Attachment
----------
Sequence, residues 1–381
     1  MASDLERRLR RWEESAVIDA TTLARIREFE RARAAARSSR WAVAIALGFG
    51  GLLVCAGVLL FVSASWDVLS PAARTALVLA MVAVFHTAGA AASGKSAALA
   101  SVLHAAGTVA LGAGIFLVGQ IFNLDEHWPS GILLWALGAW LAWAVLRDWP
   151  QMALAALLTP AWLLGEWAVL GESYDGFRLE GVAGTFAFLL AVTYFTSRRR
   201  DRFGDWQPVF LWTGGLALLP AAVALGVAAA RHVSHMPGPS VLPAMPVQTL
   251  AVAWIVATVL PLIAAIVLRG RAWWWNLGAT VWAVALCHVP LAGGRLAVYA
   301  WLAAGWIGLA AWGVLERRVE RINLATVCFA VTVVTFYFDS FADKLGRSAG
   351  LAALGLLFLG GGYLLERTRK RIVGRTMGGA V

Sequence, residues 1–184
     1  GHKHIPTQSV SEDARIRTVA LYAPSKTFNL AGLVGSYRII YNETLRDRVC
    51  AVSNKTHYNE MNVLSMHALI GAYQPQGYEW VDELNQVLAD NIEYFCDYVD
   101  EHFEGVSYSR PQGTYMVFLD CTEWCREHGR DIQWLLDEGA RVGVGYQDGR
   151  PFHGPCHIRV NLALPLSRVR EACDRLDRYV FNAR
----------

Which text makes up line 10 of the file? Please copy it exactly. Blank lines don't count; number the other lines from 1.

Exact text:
Sequence, residues 1–184